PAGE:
Tuesday, December 31, 2013

Monday, December 30, 2013

Sunday, December 29, 2013

Friday, December 27, 2013

I read, therefore I am

Picking up where we left off last year, here is a list of the eighty-two books I read in 2013. Like the days themselves, what a comfort, joy, and challenge they have been.


Thy sayings sweet,
The which, as modern usage lasts,
Shall make their very ink-marks dear to us.


The Complete Works of Shakespeare
Volumes VIII, IX, X
(Ten Volumes)
by William Shakespeare

Confessions of an English Opium-Eater
by Thomas de Quincey

The History of Gil Blas of Santillana
(Three Volumes)
by Alain René le Sage

The Irresponsibles
by Archibald MacLeish

More Poems
by A.E. Housman

Six Moral Tales from Jules Laforgue
by Jules Laforgue

The Decameron
by Giovanni Boccaccio

Peter Ibbetson
by George du Maurier

Riders to the Sea
by J.M. Synge

The Garden of Epicurus
by Anatole France

Paolo & Francesca
by Stephen Phillips

Ellen Terry & Bernard Shaw: A Correspondence
by Ellen Terry and George Bernard Shaw

As They Seemed to Me
by Ugo Ojetti

An Anthology of American Poetry: Lyric America, 1630-1930
Including Supplement, 1930-1935
Edited by Alfred Kreymborg

A Japanese Nightingale
by Onoto Watanna (Winnifred Eaton)

Poems You Ought to Know
Edited by Elia W. Peattie

Boswell’s London Journal, 1762-1763
by James Boswell

The History of Mr. John Decastro
and His Brother Bat, Commonly Called Old Crab,
the merry matter written by John Mathers,
the grave by a Solid Gentleman
(Two Volumes)
by Anonymous

The Memoirs and Anecdotes of the Count de Ségur
by Count Louis-Philippe de Ségur

Astrophel & Stella
by Sir Philip Sidney

Exemplary Novels of Cervantes
by Miguel de Cervantes Saavedra

The Three Musketeers
by Alexandre Dumas

A Sentimental Journey Through France & Italy
With Selections from the Journals, Sermons & Correspondence
of Laurence Sterne
by Laurence Sterne

The Poet at the Breakfast-Table
by Oliver Wendell Holmes

Ballad of Beau Brocade and Other Poems of the XVIIIth Century
by Austin Dobson

bride of sorrows: a prose poem in 14 stanzas
by Paulette Turcotte

The Works of James Russell Lowell
(Eleven Volumes)
by James Russell Lowell

The Shadow on the Dial and Other Essays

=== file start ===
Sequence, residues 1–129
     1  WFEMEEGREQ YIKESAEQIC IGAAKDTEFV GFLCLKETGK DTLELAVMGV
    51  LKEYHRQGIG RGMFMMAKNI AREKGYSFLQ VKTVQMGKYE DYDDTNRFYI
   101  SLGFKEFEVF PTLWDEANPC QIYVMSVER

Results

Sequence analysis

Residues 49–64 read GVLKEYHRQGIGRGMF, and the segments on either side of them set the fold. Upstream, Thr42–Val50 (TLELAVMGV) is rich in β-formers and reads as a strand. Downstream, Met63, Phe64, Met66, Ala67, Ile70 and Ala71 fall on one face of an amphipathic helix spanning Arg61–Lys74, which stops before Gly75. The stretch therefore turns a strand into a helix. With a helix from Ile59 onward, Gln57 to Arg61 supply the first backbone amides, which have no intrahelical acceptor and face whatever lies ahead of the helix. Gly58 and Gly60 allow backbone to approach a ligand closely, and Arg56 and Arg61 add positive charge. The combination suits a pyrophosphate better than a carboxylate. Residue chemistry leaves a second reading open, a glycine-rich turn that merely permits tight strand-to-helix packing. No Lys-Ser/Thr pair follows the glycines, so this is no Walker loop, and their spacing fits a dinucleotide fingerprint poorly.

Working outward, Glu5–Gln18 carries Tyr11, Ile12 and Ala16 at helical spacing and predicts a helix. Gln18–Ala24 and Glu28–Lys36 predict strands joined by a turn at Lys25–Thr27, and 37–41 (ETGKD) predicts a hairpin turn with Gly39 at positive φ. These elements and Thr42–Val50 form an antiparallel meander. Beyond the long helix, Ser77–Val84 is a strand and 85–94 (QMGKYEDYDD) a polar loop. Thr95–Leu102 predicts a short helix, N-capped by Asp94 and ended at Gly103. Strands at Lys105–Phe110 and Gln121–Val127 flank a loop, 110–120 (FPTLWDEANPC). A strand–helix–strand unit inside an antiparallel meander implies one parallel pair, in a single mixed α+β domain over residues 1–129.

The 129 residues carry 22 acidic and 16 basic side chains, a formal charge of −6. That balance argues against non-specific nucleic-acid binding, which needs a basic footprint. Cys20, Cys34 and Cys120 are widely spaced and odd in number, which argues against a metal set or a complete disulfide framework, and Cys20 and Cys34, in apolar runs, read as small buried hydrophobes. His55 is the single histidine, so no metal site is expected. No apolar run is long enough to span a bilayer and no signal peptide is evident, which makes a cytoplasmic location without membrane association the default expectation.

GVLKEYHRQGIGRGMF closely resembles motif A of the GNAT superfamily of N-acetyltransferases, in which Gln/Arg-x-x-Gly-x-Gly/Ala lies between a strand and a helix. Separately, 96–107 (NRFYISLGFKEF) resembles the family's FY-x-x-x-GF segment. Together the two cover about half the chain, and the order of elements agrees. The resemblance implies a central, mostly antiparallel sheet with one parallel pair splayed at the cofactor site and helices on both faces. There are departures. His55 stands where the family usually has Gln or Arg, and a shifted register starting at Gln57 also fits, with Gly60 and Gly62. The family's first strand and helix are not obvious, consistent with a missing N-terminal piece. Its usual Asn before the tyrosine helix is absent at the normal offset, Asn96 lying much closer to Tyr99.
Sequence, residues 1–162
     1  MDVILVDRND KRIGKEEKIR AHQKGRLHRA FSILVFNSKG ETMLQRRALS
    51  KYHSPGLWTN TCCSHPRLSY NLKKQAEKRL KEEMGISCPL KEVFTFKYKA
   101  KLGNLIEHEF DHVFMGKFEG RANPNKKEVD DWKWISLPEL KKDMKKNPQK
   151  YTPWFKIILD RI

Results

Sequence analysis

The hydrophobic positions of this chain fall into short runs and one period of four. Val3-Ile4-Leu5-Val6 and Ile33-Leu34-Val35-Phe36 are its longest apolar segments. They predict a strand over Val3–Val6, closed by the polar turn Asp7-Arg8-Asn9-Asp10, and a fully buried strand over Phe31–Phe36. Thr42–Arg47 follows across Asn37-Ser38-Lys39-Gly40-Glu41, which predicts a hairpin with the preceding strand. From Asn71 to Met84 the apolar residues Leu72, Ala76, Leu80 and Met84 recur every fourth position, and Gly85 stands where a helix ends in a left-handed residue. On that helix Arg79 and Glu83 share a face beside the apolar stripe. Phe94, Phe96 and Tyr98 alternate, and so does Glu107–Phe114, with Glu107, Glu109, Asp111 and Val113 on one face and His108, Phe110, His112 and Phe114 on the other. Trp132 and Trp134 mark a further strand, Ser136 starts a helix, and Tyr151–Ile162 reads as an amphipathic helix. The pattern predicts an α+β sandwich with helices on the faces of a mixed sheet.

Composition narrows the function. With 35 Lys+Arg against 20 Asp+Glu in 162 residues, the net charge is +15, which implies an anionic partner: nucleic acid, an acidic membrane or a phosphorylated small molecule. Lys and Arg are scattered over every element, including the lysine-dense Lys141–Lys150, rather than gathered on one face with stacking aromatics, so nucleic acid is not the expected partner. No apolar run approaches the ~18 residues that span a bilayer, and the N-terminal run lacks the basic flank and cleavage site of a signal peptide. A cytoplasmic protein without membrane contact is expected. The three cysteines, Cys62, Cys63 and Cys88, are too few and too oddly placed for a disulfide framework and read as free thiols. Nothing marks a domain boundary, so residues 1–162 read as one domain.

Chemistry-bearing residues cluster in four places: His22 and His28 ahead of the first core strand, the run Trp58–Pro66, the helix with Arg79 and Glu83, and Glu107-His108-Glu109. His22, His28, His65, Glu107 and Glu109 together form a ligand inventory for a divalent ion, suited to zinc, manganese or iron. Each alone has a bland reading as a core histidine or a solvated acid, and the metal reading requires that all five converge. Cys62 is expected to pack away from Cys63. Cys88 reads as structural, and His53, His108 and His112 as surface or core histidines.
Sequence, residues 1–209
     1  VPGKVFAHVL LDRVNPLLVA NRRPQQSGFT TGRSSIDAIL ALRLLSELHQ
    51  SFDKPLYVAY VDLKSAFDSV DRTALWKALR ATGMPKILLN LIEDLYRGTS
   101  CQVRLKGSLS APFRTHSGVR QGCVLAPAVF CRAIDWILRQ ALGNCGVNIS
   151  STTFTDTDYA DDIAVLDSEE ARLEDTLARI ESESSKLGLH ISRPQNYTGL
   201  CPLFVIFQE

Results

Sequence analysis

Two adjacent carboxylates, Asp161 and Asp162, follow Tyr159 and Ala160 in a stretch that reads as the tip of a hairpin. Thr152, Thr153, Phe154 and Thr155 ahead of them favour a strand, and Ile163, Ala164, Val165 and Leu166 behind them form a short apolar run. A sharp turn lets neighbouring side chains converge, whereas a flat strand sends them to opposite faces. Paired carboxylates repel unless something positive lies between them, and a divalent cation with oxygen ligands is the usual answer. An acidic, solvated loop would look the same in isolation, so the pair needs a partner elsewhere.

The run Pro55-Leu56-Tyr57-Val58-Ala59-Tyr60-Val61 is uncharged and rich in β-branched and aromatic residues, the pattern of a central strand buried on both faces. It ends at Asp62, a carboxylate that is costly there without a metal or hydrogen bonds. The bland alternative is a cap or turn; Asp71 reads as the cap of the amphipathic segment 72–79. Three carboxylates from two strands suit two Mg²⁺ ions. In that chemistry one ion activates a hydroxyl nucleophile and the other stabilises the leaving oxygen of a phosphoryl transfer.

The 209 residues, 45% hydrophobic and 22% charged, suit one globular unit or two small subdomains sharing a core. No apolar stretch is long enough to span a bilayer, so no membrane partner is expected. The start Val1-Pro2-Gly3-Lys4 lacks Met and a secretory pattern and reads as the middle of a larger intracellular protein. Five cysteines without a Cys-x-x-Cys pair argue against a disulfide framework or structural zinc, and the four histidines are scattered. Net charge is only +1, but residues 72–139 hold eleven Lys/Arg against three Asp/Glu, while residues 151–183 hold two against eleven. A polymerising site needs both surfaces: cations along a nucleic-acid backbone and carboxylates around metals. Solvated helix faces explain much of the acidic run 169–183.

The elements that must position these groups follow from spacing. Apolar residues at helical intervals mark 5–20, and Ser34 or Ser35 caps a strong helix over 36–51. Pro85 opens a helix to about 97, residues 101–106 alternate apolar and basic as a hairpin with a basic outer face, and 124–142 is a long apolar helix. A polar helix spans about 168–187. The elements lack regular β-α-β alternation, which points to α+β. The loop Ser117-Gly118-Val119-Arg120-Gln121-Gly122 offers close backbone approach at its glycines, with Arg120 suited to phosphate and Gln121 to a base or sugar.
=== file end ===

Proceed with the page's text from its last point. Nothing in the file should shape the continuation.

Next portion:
by Ambrose Bierce

Marked Men: Poems by Joseph Hutchison
by Joseph Hutchison

The Works of Aretino
by Pietro Aretino
(Two Volumes)

Venus in Furs
by Leopold von Sacher-Masoch

Painted Veils
by James Huneker

The Memoirs of Jacques Casanova de Seingalt,
Prince of Adventurers and the Most Indomitable of Lovers
by Giacomo Casanova
(Two Volumes)

Charles Dickens, The Last of the Great Men
(Charles Dickens: A Critical Study)
by G.K. Chesterton

Life and Art by Thomas Hardy:
Essays, Notes, and Letters Collected for the First Time
by Thomas Hardy

The Penn Country and The Chilterns
by Ralph M. Robinson

The Autobiography of Edward, Lord Herbert of Cherbury
With Introduction, Notes, Appendices, and a Continuation of the Life
by Sidney L. Lee

Four Comedies
by Carlo Goldoni

The Quest of Great Celtic Mystery and other stories
by Jonathan Chant


(Twenty Volumes)


Madame Chrysanthème
by Pierre Loti

The Red Lily
by Anatole France

Fromont and Risler
by Alphonse Daudet

by Paul Bourget

A Romance of Youth
by François Coppée

An “Attic” Philosopher
by Émile Souvestre

A Woodland Queen
by André Theuriet

Monsieur de Camors
by Octave Feuillet

by Madame Blanc (Marie Thérèse Bentzon)

by Charles de Bernard

by Alfred de Vigny
(Two Volumes)

The Confession of a Child of the Century
by Alfred de Musset

Monsieur, Madame, and Bébé
by Gustave Droz

The Ink-Stain
by René Bazin

The Abbé Constantin
by Ludovic Halévy

Serge Panine
by Georges Ohnet

by Hector Malot

Prince Zilah
by Jules Clarétie

by Phillipe de Massa


She Stoops to Conquer; or, The Mistakes of a Night
by Oliver Goldsmith

Cyrano de Bergerac
by Edmond Rostand

The Master of Ballantrae: A Winter’s Tale
by Robert Louis Stevenson

Eugénie Grandet
by Honoré de Balzac

Marius the Epicurean: His Sensations and Ideas
by Walter Pater
(two volumes)

Dante. Purg. XXVI. 112-114

Thursday, December 26, 2013


Snow in the churchyard
and you

giving your old black coat
to a stranger frozen

and still

its weight
on his shoulders

known only to him

his wings showing

his joy


Wednesday, December 25, 2013

The gift was a word

I don’t remember the year.
But I was quite small.

The gift was a word.
I’m unwrapping it still.

Tuesday, December 24, 2013

When object warms the hand it loves

When object warms the hand it loves
and hand the heart it holds,

by eye is said what tongue conceals
of love that ever flows,

in peace a song past marble rows
a name no haste reveals,

to find below those wings above,
as winter comes, and winter goes.

Monday, December 23, 2013

Sunday, December 22, 2013

Saturday, December 21, 2013

Friday, December 20, 2013

I remember one

I remember one, a snowflake
it might have been,

turned out to be
a child’s hand

melting in my own,
as winter coaxed

the last leaf

Thursday, December 19, 2013

The year it’s been, the life it is

Stake your claim
and fertile be thy bones

a passing train
soon gone

your hat
in the wind

a place
by the road

your face
a field

to loving

Wednesday, December 18, 2013